Since starting the label, Schuller is very pleased with where things have gone.
“In the context of where we are now, I’m pretty happy with it – we have a great bunch of people working at the label now here in Canada, and we started Indica Australia this year, and we have the chance to work with wonderful artists,” he said. “It’s a joy working with young Canadian talent and some of the world’s best international talent, and presenting cool bands to Canadians and great Canadian talent to the world, and it’s really rewarding.”
That said, the music industry is now in upheaval, as the world of file sharing and downloading of music – combined with there being many more artists – has made it very tough for most musicians to earn a living.
“There are some things that are better, that are helpful and useful tools, like getting your video on YouTube and getting stats and knowing where your fans are, and spreading info through Facebook and sharing it,” said Schuller. “But the problem is, anyone can do that now and there’s an insane amount of competition, and because very few people are paying for music, overall it’s dragging everyone down because they can’t make a living. We can all make music and get it heard, the problem is can you earn a living from it?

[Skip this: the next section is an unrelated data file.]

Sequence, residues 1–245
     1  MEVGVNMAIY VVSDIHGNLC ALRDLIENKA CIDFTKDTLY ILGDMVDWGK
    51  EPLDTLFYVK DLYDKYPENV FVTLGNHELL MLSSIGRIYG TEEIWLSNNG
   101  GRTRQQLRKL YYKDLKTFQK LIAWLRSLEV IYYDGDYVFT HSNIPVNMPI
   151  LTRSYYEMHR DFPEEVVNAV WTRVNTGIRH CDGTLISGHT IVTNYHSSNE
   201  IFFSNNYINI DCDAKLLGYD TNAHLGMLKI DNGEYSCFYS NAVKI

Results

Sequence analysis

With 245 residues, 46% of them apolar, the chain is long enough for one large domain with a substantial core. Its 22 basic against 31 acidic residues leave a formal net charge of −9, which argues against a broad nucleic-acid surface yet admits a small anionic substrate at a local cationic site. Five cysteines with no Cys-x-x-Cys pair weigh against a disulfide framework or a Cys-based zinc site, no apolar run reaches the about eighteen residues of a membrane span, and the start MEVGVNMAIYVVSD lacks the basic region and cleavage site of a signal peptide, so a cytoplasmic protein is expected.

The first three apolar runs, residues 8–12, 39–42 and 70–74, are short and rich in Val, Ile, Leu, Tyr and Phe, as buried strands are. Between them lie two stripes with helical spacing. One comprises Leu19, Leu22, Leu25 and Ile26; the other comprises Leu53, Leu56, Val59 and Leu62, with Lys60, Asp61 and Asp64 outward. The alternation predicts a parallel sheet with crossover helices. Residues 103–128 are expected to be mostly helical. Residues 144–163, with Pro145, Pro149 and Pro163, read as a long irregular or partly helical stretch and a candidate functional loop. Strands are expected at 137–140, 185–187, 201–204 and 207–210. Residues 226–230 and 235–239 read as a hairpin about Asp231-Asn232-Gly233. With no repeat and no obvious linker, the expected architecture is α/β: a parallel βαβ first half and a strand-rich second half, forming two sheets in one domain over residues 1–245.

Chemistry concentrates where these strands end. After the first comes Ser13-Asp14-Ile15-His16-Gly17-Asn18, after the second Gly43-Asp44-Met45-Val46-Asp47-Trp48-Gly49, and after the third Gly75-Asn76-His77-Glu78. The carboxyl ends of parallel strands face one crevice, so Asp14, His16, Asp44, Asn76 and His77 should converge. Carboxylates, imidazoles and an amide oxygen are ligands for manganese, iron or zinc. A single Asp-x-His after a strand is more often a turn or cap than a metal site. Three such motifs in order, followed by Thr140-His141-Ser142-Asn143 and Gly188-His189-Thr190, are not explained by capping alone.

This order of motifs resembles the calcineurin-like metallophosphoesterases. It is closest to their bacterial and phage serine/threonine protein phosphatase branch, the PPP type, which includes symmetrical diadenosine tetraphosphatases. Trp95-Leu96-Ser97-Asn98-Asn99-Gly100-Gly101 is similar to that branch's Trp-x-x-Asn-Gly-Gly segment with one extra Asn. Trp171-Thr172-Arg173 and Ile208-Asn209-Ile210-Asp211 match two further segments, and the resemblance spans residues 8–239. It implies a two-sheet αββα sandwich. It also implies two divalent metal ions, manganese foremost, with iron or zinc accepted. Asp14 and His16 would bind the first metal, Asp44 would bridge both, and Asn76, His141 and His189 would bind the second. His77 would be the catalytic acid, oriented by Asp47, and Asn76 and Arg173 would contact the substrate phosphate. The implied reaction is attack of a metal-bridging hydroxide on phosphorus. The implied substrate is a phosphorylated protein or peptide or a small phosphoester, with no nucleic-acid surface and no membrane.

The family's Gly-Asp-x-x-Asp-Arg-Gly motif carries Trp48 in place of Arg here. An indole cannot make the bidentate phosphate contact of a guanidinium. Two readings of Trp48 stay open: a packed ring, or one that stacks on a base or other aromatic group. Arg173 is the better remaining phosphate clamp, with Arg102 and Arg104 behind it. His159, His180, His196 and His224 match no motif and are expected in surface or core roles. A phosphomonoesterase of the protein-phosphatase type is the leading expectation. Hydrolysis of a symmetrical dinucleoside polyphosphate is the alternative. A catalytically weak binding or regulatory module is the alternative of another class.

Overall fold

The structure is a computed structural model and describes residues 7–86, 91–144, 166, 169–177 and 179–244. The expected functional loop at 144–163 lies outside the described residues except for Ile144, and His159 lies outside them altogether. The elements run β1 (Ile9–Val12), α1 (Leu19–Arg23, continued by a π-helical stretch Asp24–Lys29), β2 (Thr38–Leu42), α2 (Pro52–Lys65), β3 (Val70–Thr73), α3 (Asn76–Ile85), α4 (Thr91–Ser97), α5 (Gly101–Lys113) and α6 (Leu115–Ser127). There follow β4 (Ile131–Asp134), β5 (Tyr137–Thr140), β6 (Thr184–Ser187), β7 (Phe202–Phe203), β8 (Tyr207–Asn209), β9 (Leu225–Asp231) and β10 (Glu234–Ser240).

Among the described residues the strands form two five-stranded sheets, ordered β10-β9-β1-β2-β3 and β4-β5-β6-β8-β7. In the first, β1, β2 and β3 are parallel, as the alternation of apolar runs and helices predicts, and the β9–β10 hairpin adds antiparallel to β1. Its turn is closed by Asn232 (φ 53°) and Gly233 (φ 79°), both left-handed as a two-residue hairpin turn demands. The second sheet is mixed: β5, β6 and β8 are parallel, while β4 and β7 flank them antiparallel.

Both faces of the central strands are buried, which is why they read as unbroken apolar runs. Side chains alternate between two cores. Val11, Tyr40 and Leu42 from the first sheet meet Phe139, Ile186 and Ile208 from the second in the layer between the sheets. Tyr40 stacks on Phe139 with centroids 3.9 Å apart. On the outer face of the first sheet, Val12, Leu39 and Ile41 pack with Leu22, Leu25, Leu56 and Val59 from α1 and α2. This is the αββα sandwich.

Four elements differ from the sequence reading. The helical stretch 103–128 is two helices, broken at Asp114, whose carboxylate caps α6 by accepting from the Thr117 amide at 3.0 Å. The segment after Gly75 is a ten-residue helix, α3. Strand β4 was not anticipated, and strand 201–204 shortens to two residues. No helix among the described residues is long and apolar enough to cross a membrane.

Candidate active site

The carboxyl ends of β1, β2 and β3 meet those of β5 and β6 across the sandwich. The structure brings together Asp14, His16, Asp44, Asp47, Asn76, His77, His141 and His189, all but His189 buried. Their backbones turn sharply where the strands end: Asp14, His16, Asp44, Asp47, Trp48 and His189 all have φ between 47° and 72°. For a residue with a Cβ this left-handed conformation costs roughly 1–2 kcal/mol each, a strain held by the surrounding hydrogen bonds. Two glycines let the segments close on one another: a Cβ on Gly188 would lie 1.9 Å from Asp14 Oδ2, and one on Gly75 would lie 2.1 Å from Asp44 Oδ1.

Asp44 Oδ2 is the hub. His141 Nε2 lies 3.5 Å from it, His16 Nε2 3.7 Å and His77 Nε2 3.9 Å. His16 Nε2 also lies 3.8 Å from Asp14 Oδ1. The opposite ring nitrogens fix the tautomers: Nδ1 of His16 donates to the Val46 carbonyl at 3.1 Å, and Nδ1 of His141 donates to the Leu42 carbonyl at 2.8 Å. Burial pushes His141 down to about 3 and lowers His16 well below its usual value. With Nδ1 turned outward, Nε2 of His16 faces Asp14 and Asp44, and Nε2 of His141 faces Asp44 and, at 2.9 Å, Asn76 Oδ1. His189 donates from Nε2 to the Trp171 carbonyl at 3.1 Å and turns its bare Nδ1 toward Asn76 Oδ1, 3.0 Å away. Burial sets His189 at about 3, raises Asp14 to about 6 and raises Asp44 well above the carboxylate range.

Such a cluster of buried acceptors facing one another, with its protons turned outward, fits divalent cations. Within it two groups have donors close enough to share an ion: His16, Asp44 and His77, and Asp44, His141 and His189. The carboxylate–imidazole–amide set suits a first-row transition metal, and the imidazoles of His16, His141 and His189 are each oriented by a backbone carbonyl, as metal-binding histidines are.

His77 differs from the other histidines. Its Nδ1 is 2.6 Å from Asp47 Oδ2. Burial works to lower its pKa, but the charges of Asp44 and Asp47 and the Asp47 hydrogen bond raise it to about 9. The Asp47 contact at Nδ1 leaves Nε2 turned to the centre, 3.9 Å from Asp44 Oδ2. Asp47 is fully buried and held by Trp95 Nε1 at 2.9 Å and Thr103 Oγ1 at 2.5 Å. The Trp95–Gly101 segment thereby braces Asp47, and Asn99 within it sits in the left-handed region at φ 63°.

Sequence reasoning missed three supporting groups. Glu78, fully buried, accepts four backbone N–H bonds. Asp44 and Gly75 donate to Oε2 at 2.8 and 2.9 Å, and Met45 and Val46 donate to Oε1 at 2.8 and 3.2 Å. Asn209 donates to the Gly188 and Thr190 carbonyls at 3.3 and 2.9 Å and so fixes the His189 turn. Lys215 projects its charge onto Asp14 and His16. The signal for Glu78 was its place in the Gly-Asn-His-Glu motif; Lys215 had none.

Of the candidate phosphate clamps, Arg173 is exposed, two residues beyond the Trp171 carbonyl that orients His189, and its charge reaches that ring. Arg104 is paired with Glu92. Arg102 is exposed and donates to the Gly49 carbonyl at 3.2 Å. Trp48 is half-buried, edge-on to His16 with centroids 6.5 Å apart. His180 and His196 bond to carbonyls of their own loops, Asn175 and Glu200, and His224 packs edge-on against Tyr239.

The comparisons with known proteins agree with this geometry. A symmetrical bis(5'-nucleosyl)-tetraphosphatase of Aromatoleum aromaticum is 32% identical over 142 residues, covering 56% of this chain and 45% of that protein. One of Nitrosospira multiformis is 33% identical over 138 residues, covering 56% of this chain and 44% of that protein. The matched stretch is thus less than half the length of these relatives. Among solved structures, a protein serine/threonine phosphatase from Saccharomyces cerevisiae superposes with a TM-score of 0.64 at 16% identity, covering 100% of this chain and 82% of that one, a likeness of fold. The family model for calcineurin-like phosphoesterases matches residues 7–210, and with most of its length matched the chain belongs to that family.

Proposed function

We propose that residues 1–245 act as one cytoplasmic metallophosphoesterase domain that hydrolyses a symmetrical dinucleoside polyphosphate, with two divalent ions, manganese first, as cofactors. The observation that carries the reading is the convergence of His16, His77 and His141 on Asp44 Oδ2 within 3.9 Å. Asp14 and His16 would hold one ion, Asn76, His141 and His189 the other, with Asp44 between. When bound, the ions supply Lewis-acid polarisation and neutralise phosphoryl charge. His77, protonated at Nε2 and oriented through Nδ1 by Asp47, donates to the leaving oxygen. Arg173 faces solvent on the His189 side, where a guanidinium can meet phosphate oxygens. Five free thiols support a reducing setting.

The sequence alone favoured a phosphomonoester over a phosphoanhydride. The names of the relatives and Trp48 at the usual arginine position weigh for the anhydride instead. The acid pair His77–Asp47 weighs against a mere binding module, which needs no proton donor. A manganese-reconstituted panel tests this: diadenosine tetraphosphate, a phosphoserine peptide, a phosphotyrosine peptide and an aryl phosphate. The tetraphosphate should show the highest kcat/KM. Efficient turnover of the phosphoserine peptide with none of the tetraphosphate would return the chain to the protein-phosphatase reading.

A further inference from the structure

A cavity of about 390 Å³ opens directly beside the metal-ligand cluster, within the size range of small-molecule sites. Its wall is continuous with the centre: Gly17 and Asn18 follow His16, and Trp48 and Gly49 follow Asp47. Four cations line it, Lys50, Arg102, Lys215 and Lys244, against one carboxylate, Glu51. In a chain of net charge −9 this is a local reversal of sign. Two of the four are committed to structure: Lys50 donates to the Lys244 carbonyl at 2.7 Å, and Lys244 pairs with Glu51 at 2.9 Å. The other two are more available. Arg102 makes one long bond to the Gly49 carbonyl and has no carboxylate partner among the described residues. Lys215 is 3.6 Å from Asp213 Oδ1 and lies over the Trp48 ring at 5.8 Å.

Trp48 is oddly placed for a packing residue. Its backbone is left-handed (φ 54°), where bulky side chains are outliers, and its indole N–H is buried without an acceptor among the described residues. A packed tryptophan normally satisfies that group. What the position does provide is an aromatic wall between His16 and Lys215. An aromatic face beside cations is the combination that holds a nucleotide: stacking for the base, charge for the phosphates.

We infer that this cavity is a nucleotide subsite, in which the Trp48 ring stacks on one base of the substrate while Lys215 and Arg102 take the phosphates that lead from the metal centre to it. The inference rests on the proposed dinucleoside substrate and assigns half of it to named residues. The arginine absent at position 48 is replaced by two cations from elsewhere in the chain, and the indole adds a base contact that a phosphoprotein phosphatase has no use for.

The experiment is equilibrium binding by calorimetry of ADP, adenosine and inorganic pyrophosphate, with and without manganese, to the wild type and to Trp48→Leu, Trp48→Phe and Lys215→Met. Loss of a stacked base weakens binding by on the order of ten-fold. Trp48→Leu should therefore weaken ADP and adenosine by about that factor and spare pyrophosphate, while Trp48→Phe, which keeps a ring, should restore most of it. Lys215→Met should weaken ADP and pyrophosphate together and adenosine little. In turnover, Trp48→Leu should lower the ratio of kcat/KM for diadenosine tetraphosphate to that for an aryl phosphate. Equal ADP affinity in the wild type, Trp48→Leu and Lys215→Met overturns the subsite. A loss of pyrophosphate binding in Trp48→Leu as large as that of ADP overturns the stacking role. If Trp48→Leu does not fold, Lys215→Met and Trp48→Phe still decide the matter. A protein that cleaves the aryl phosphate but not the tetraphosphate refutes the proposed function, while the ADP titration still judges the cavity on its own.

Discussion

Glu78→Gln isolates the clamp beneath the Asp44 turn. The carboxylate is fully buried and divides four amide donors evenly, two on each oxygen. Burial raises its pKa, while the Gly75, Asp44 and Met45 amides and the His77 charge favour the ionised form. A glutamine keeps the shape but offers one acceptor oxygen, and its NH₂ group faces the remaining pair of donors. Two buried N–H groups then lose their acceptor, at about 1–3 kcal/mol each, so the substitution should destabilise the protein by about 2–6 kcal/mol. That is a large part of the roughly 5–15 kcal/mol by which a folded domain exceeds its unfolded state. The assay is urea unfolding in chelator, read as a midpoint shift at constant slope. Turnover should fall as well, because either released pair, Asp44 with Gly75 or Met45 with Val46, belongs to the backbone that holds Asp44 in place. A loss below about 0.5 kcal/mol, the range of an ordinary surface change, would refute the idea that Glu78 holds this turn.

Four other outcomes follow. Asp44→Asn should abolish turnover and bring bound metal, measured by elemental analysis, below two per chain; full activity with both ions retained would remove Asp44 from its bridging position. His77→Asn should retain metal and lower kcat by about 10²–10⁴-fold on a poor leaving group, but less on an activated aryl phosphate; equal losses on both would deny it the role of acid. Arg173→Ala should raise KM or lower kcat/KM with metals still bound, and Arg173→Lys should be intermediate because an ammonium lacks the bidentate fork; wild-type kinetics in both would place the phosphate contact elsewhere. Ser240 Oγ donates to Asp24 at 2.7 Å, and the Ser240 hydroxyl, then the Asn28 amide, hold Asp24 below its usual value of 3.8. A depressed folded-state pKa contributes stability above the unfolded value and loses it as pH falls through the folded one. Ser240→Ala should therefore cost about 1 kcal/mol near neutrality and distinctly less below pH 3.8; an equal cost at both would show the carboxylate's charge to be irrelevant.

“The reflex every band on the planet has had for the last 10 years is ‘Oh, let’s just tour,’ and now there’s too many shows. There’s only so many people out there with so much money, and now there’s 10 times more bands, so it’s really hard. Today, it’s become a natural selection process and the audience really decides.”
As GrimSkunk had it’s start well before all this began taking place, they were able to build up a fan base and remain successful.
“All the bands that had a chance to make a name for themselves before this started, my band being one of them, have fans who will follow the band no matter what,” he said. “But for bands that are trying to make a name for themselves today, you have to be really special.”